THE AGE OF ARTHUR: PART TEN

Arthurian portrait

Unique among the territories of the Western Roman Empire in the 5th century, Britain succeeded in holding back and even reversing the tide of Germanic conquest for nearly two centuries. This was an age of heroes… It was the Age of Arthur!

This is the ninth-part of our discussion of Britain in the so-called Age of Arthur: the 5th though the mid-6th Century A.D. It is a fascinating period, with the Classical civilization of Greece and Rome giving way to the Germanic “Dark Ages”. It was the sunset of Celtic-Roman culture in Britain; it was the Age of Arthur!

But who was Arthur?

Before we answer that question, it is necessary we understand the world in which he lived.

(Read Part Nine here; or start from the beginning here!)

THE POSSIBLE ORIGINS OF ARTHUR

Sometime  in the last decade(s) of the 5th century, a new leader emerges among the Britons. He is Arthur (or Artos), perhaps Romanized as Artorius. His name might have been either a nickname (“the Bear”) or his given name. In either case, his exploits as a war leader soon catapulted him into a position of primacy among the Celtic warlords.

Arthur is perhaps a kinsman (nephew?) of Ambrosius Aurelianus, the leader of the British in the latter half of the 5th century (see Ch. 6). If a nephew, it is likely to have been by marriage: Gildas states that Ambrosius “alone” of his family survived slaughter during the terrible years of the “Saxon Terror”.  We have no information regarding Ambrosius’ wife, only that he had grandchildren living in Gildas’ time (the 3rd or 4th decade of the 6th century). Though Ambrosius was almost certainly a southern Briton, whose power-base was possibly in the Belgae territory around Amesbury; it is not contradictory to suggest that Arthur could have been raised in the north, from whence may have come Ambrosius’ spouse. It was here that a strong cavalry tradition existed, both among the north British nobility, and perhaps among the descendants of Roman cavalry units stationed on or behind Hadrian’s Wall (including Sarmatian horsemen, as discussed in earlier installments of this series). It is possible (though, admittedly, a stretch) that Arthur was even related to descendants of the Roman soldier, Lucius Artorius Castor; who may have sired a family while Britain in the late 2nd century.  Alternatively, Ambrosius’ exile in Armorica (Brittany) as a young man could have resulted in marriage to a daughter of the Alani people, some of which were settled in Armorica by Flavius Aëtius when Magister Militum (“Master of the Soldiers”) of the West; and Arthur could then have been of Armorican-Alan blood. Either origin would gives Arthur familiarity in his childhood to the Sarmatians or the Alans; and perhaps even kinship. Though such contact or kinship is ultimately unnecessary to explain Arthur’s success as a cavalry leader (the British nobility prided themselves upon their excellence as horsemen), it is a tantalizing theory nevertheless.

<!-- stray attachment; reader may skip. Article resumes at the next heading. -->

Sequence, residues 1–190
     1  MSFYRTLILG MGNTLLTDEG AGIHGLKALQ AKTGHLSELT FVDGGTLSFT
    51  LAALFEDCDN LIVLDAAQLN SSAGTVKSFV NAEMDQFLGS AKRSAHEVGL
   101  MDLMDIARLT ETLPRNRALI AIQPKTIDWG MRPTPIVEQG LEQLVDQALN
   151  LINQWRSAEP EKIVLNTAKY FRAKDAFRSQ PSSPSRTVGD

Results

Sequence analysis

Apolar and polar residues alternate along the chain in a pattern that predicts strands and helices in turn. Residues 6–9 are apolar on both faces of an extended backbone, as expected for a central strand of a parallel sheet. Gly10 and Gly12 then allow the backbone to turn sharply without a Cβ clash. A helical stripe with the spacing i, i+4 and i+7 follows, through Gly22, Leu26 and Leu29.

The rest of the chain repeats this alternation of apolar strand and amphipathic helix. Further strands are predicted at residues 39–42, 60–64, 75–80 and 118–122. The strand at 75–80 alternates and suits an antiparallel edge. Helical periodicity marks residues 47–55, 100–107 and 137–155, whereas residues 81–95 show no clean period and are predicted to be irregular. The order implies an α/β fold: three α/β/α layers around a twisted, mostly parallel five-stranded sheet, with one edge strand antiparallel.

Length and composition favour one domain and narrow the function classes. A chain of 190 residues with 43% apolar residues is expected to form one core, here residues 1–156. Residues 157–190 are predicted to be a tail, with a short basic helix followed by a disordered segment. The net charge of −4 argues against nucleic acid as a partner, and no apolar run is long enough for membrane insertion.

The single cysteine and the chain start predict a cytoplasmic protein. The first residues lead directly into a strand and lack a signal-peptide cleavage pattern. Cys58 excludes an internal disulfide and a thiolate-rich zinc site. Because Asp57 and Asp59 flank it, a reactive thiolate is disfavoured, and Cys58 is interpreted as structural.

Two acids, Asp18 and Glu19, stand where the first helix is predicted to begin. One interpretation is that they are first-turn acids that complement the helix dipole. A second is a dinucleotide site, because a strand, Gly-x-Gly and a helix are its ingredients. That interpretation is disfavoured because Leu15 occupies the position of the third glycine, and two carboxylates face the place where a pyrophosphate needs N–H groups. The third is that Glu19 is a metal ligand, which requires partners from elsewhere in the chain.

It should not be ignored that Arthur is linked by Geoffrey of Monmouth with the royal house of Dumnonia. During the dark days following the Saxon Terror, many of the Britons who fled to Armorica were from Dumnonia. They founded there a “Lesser Dumnonia” (Domnonée) . Arthur could have been related to the royal house as a son of an exiled Dumnonian royal. This would not contradict a familial connection with Ambrosius, himself perhaps connected to the Dumnonian royal house.

RISE TO POWER

With all this in mind, let us paint a speculative narrative, attempting to bring to life Arthur; and describe his rise to prominence:

He first serves in his uncle Ambrosius’ mounted Comitatus; perhaps among Alani kinsmen or childhood companions; or (if north British) neighbors and boyhood friends of Sarmatian extraction. Like them, he is a horseman born-and-bred. He handles lance, sword and javelin from horseback with equal skill. In early Welsh sources, he is described as a large and powerful warrior.

romancalvaryclear

In battle he and his comrades are covered in armor of scale or mail, wearing conical helmets sporting horsetail crests. Arthur’s comrades (the Welsh word is Cymbrogi, meaning “Compatriots”, “Sword Brothers”, or “Comrades-in-arms”) spend many a day-and-night in the saddle, forging unbreakable bonds of fellowship and camaraderie. These are the archetypes of the “Knights of the Round Table”, perfecting their warrior skills in countless minor skirmish and foray into enemy lands.

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